Our senior digital editor, Kristen Remeza, just returned from a 15-day trip to Southeast Asia. She and her husband stayed at three Andrew Harper hotels and visited five countries — Vietnam, Cambodia and Thailand among them. Here she tells us about their experience in Hanoi, where they stayed the first four days of their trip.
Overall impressions: Hanoi is the beating heart of what was once French Indochina. The streets of this thousand-year-old capital city buzz as multitudes of motorbikes fly by; tiny, weathered old women squat on the sidewalks cooking meals over hot flames; and fruit vendors wearing conical hats transport their goods using traditional bamboo shoulder poles. Hanoi is full of contradictions. It’s Asian, French and Communist, gritty, cramped and poverty-stricken, yet at the same time it’s charming and life-affirming.
I was personally more prepared for a romantic French version of Hanoi than the modern reality, but our hotel lived up to every expectation. The elegant Sofitel Legend Metropole opened in 1901, and its old soul is still palpable today. Somerset Maugham wrote “The Gentleman in the Parlour” there, Charlie Chaplin was a frequent guest and Jane Fonda spent time there during the “American War.”
Favorite meal or meals: The fried-fish noodle soup at Bún Cá Văn. It was so colorful and flavorful, and the fried fish stayed crispy in the broth.
Most unexpected moment: Meeting a 9-year-old girl who stopped us at Hoan Kiem Lake to practice her English. We learned she has a little dog named, of all things, Donald Trump. When asked why, she said, “Because he’s so naughty!”
You can’t stop thinking about: The artwork I wish I could have transported back from Manzi, a refreshing art gallery/café-bar featuring emerging local artists. I took a photo of it instead.
Favorite museums: Bảo tàng Phụ nữ Việt Nam, the Vietnamese Women’s Museum, which celebrates the role of women in Vietnamese history, family and fashion. The permanent exhibition on the different use of fabrics and motifs by the country’s 54 ethnic groups was interesting and made me appreciate each design — whether created of hemp, batik, ikat and embroidered or appliquéd — as a work of art. Also fascinating was learning about the custom of tooth lacquering, a beauty ritual where sticky black resin was used by women to blacken their teeth.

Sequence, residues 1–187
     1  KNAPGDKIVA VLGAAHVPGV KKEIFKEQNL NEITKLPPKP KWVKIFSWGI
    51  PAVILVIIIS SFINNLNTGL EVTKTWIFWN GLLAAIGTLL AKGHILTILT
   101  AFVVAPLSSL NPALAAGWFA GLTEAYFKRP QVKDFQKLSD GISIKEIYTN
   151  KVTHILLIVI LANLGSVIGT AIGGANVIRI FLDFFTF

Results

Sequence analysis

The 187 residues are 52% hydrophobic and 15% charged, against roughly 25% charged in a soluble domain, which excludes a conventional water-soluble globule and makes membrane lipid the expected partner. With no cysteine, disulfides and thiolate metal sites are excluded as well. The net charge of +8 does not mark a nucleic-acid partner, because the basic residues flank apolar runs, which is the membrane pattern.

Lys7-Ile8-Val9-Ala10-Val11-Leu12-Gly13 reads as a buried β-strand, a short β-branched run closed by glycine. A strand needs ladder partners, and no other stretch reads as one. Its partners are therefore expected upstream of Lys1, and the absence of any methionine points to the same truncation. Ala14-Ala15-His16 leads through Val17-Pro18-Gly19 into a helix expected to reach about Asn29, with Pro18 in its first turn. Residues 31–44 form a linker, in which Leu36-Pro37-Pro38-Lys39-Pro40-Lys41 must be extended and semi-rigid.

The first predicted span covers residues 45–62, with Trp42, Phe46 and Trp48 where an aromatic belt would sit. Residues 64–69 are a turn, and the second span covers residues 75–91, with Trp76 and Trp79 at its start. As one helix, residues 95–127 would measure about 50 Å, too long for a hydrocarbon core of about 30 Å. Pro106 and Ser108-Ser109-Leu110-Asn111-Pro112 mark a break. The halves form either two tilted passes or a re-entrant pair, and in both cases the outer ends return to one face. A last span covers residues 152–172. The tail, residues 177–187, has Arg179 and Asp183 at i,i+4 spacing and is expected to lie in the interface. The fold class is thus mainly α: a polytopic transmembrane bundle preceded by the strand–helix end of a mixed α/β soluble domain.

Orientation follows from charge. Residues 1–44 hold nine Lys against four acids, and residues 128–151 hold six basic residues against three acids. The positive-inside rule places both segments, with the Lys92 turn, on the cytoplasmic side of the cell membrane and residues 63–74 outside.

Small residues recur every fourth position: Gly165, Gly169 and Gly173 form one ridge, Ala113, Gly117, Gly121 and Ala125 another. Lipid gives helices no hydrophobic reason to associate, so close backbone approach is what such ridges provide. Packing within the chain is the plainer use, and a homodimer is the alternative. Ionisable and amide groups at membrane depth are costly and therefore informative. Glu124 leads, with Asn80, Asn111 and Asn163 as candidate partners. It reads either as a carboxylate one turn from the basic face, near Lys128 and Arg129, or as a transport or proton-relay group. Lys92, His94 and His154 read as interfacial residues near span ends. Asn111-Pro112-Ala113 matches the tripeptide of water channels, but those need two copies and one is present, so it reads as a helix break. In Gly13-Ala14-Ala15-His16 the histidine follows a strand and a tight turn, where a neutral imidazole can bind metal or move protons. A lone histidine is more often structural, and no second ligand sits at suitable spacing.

The Hỏa Lò Prison, known as the “Hanoi Hilton,” was also a must visit. It gave insight into not only the place where John McCain and others were held as prisoners of war but also how propaganda informs history: The government even now contends that the POWs were treated well there — hence the nickname — while the POWs themselves insist it was a facetious title given to a place where they experienced mental and physical torture. Though it's much smaller today than it once was, it is quite chilling.
If you have time, visit the two modest houses Ho Chi Minh lived in after refusing to take up residence in the presidential palace: one the former home of the palace electrician and the other a stilted house. They are located near the heavily guarded granite mausoleum that holds “Uncle Ho’s” embalmed body. And while we didn’t go inside the mausoleum, the hulking structure makes quite the Communist statement.
Where or what to drink: Take a tour with Mark or Tu of Hanoi Street Food Tours (not to be confused with a similarly named tour company), and you will eat and drink quite well. On a four-hour tour, we tried fried fish noodles, fermented wild rice with yogurt, iced coffee, shrimp cakes, char siu pork noodles and the most delicious crab spring rolls I’ll probably ever have in my life.
Day-trip suggestions: Hop on the back of a motorbike and ride pillion through the streets of Hanoi with Hanoi Motorbike Street Foods. We were naturally a little nervous to grab a helmet and join thousands of bikes on the road, but our guides — tiny as they were — managed to deftly navigate in controlled 25-mph chaos.
Surprising fact or tidbit: Don’t drink the water, but do try the egg coffee at Café Giang. Created in 1946 during a milk shortage, cà phê trúng gets its froth from whisked egg and condensed milk. Poured over bitter Robusta-bean coffee, it tastes like a liquid version of tiramisu.
Souvenir: Traditional handicrafts created by ethnic artisans at Craft Link. I bought several handmade silk scarves for $5 each.
What to pack: Plastic sandals you won’t mind getting filthy and enough clothing that you won’t have to do laundry even after three showers a day. Rainy season in Hanoi is hot and humid!
Insider’s Tip: There are no traffic laws — or at least none that people actually abide by — so when crossing the street, walk don’t run and cross at an angle while making eye contact with the motorbike riders heading your way. They may get close, but they won’t hit you.
Any regrets: I wish I would have tried the Pho Cocktail at the Metropole’s Bamboo Bar and gotten a tour of the bomb shelter under the hotel to protect guests during bombing raids during the Vietnam War. So little time….